Addressing Our Opiate Crisis
A Systems Level Process for Prevention and Treatment
Erin McClelland's Resume: Nearly Two Decades of Experience
University of Pittsburgh
Alcohol and Smoking Research Laboratory
St. Francis Medical Center
Pittsburgh Black Action, Inc.
Veteran & Youth Opiate Addition
Office of National Drug Control Policy 25 Cities Initiative: Opiate Addiction
SPHS Behavioral Health
Women and Family Program
Addiction has been proven to be our most expensive, preventable healthcare issue. For years it was misconstrued as an issue that afflicts only poor and minority populations. Recent surges in overdose rates, deaths consisting of Americans from every race and socioeconomic status have slowly pushed the problem into the mainstream, far too late for basic prevention and treatment efforts to be effective.
Today, the opiate and addiction crisis has reached epidemic proportions, infiltrating all levels of government in multiple systems of our society. The United States experiences an average of 110 drug overdose deaths every day and overdose is now the leading cause of accidental death in the country.
Factors To Consider
"In 2014, there were approximately one and a half times more drug overdose deaths in the United States than deaths from motor vehicle crashes (4).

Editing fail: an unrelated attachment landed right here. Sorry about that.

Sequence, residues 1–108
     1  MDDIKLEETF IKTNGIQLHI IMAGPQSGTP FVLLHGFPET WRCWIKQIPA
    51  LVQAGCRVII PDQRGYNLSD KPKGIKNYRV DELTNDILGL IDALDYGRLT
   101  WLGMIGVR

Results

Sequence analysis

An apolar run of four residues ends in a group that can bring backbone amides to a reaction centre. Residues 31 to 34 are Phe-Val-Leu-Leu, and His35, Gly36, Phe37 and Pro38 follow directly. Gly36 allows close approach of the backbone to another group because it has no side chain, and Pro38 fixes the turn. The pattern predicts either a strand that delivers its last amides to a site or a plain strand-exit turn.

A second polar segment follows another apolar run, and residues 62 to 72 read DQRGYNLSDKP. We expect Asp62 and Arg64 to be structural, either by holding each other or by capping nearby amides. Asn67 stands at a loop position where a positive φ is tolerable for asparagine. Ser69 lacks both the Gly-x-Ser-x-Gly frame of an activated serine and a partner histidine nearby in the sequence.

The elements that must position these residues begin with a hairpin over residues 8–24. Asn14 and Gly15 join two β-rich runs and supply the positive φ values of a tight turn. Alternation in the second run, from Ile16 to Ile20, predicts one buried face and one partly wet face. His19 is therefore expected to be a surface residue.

Opioids, primarily prescription pain relievers and heroin, are the main drugs associated with overdose deaths. In 2014, opioids were involved in 28,647 deaths, or 61% of all drug overdose deaths; the rate of opioid overdoses has tripled since 2000."
-Center for Disease Control: January 1, 2016 / 64(50);1378-82
Erin's Six Point Plan
1) Changing the organizational culture of health care that focuses more on blame and cutting services than it does on improving overall performance,
2) Addressing a payer structure that discourages innovative treatments and limits access,
3) Taking on the pharmaceutical industry and reducing the treatment systems’ over-reliance on excessive medication at the expense of more comprehensive treatments,
4) Moving the treatment process toward more advanced, multi-disciplinary programs for addiction,
5) Emphasizing performance measurement and outcomes to advance the field and reward innovation, and
6) Ending the wasteful, top-down, funding process for prevention and implementing customized, comprehensive, multidimensional prevention programs at the local level that pull resources from the top.